Here are a couple of CSS examples that demonstrate how to create a nested numbered sequence of your own. For your first numbered paragraph, use the following:

p.Numroman2First
{
 mc-auto-number-position: outside-head;
 margin-left: 1in;
 margin-right: 1in;
 margin-top: 6pt;
 margin-bottom: 6pt;
 mc-auto-number-offset: 0.30in;
 mc-next-class: Numroman2Plus;
 mc-auto-number-format: 'B:{r=1}';
}

For subsequent paragraphs:

p.Numroman2Plus
{
 mc-auto-number-position: outside-head;
 margin-left: 1.00in;
 margin-right: 1in;
 margin-top: 6pt;
 margin-bottom: 6pt;
 mc-auto-number-offset: 0.3in;
 mc-auto-number-format: 'B:{r+1}';
}

For paragraphs that do not need a number:

p.Numroman2UnNum
{
 mc-auto-number-position: outside-head;
 margin-left: 1.00in;
 margin-right: 1in;
 margin-top: 6pt;
 margin-bottom: 6pt;
 mc-auto-number-offset: 0.3in;
 mc-auto-number-format: 'B:{}';
}

You can define several paragraph styles for nesting. However, I would recommend that you avoid using the same letter for each set of styles, as you may end up with broken numbering in your documentation. If you want to use four or five different nesting styles for numbering, use different letters for each one.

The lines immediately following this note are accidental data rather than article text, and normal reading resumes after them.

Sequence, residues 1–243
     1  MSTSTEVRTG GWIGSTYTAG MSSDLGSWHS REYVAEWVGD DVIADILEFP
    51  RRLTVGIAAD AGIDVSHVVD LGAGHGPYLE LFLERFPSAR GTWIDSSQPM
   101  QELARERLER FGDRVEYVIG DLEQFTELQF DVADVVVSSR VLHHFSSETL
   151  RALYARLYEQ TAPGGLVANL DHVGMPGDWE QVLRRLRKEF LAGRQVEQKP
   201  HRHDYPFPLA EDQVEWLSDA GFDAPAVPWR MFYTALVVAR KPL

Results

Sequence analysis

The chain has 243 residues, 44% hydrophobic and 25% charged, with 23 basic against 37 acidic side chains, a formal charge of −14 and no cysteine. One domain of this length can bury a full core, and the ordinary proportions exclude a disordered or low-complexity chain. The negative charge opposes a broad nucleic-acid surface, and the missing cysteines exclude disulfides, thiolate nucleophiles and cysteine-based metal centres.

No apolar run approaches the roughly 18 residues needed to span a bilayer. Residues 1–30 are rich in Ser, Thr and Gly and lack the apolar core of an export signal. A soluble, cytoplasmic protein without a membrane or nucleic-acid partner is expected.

A tip on navigating your styles

Here is a screenshot of my auto-numbered styles:

Over time (and a lot of numbering styles) my list has grown, making it difficult to select from the context menu. When working with many styles, I like to open the Styles window on the right-hand side of the screen, where you can click on the style you wish to use. The advantage of using this method is that you can scroll up and down the styles in the window, while you are not able to scroll the styles in the context menu.

You can open the Styles panel by selecting Style Window on the Home tab of the ribbon.

In the styles list, naming is key to the position of your style in the list. I have named my styles to ensure the most commonly used styles appear at the top of the list. This means that I can easily change them using the context menu. I choose other styles from the Styles pane on the right-hand side of the screen.

Numbering in Tables

You can also use custom autonumbering to number inside tables. Here we have an example of a custom numbering style that you could use in tables:

p.NumTab1
 {
 mc-auto-number-position: outside-head;
 margin-top: 0;
 margin-bottom: 0;
 margin-left: 0.5in;
 mc-auto-number-format: 'C:{n+}';